Wednesday, September 18, 2013

Front Suspension - SPL Tension Rods and Tein Hard Rods

While having everything out, I've cleaned up the suspension.  The tie rod ends and ball joints were old and tired with torn boots and were develop some play and just looked like they were past their prime, those were removed in favor of Tein hard rods.  I replaced the front lower control arms with stock replacements from MOOG.  The arms feel thick and solid like the OEM originals and the grease zerk fittings are a nice plus for servicability.  The OEM tension rods were so stuck that I had to cut them out, those were pitched for some nice adjustable SPL Parts Titanium Tension Arms.  While I was at it, I also picked up some Rust Olem satin bronze metallic paint, sand blasted and repainted my front knuckles.

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When sandblasting the knucles I made sure to duct tape the spindle surface and block off the tapered holes to protect the smooth machined surfaces of the knuckle.  Then I finished cleaning them with a wire brush and laquer thinner to prep them for paint.  I masked off the same surfaces again for paint along with the brake caliper mounting surfaces.

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There are the nice SPL tension rods,the new blue titanium hardware they send them with really sets them off.

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There it is back together with my Cusco Zero2-R coils.  I cleaned them up to look nice, but I'm not sure how much longer I will run them.  I picked them up used from Ebay, they've handled really nice since I set them up but they are starting to leak a little.  I don't think the previous owner's settings did them any favors, they came preloaded over an inch and the spring would bottom out on the smallest of bumps, I seriously thought my dash was going to pop out or my windshield was going to break, it was brutal.  I'm guessing they didn't like the 5&7K spring rates.  When these give up I'm probably going to be shopping for some new coils, I'm leaning towards Fortune Auto 500's at the moment.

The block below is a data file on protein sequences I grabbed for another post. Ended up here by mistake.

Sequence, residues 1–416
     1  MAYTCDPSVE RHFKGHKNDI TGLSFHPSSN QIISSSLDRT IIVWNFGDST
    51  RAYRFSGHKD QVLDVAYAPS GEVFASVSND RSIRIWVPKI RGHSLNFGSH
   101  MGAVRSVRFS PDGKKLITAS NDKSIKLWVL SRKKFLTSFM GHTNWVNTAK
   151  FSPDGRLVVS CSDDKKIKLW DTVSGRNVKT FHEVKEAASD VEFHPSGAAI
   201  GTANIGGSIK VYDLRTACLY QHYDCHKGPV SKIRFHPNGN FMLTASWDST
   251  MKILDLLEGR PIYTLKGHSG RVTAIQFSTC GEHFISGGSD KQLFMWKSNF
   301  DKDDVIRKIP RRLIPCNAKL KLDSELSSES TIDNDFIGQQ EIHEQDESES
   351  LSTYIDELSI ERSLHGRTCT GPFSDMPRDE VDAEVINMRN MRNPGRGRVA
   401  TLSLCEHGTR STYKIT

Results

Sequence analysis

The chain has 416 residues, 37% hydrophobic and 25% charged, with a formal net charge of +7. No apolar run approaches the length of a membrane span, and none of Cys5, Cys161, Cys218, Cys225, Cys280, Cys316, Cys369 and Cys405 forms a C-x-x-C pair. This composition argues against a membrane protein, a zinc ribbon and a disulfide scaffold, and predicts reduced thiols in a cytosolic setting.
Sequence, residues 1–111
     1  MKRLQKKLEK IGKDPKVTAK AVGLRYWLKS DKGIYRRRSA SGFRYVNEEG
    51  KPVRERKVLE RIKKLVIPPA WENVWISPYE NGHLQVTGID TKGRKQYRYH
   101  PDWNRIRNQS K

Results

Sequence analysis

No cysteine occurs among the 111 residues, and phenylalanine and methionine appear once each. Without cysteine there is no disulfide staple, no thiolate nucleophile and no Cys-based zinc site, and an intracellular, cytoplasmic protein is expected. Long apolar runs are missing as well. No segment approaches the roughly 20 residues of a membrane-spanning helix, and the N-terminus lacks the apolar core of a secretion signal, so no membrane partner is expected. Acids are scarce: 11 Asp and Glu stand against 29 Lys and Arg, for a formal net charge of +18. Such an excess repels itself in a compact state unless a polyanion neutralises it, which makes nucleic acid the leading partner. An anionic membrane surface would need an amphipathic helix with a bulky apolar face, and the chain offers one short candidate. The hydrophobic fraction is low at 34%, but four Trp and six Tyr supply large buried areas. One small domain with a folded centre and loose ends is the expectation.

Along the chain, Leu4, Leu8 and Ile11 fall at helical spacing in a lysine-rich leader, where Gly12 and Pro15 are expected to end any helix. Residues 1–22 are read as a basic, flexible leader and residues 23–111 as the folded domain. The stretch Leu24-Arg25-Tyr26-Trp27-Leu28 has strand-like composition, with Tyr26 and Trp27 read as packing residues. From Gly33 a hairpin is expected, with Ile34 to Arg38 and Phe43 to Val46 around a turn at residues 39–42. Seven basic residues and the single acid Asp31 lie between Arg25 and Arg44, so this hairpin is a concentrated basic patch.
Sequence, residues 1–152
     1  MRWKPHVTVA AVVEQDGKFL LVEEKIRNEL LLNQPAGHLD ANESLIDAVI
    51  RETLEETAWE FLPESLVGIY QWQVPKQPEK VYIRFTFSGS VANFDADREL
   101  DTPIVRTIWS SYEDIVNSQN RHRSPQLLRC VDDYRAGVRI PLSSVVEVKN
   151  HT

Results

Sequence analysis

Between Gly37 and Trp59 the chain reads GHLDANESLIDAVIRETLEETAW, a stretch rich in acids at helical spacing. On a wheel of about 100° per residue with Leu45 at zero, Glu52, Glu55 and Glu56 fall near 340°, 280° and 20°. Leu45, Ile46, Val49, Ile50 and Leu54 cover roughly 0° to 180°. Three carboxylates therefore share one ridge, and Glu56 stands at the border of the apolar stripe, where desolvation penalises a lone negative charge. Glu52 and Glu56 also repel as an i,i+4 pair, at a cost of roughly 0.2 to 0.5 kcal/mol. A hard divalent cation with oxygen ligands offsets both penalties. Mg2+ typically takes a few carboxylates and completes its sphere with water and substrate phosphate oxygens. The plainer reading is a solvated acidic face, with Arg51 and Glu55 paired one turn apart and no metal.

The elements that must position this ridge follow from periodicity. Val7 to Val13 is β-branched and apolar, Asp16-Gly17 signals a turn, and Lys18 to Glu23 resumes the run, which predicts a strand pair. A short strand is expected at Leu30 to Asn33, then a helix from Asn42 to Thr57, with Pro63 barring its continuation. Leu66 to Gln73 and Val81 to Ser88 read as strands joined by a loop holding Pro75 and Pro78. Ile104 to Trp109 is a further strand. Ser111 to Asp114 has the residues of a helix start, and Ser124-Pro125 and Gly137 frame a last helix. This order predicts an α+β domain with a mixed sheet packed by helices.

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New Tein hard tie rods and new boots to go with them.

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I sub assembled and loosely set the lengths of the tie rods before installing them.

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Two wrenches really helped the process of removing the old inner tie rods.  I used a 1-1/4" on the tie rod, not quite the right size, but it worked (30mm probably is closer) and I think it was a 13/16 to help keep the rack from twisting in its mounts and just to support it a little more to avoid damage.

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I went ahead and used the supplied spacers with the Teins, since the spacer eliminates the OEM lock plate I used Locktite Red high strength thread locker.  Hopefully I never need to take them off, but it should keep them from removing themselves at an inopportune time, like when I'm driving the car on the highway.

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If you look closely at the steering rack shaft you can see the small flats that you can use to help support it.  The drivers side really needed it, it looked like there was already thread locker on that side and the wrench turned extremely hard all the way out, with no damaged threads (checked that first)

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I had to take a picture of the underbody, who knows how long it will stay that clean.

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Through this process I've either painted or replaced everything rusty that I've came across, these brake line securing tabs as well.

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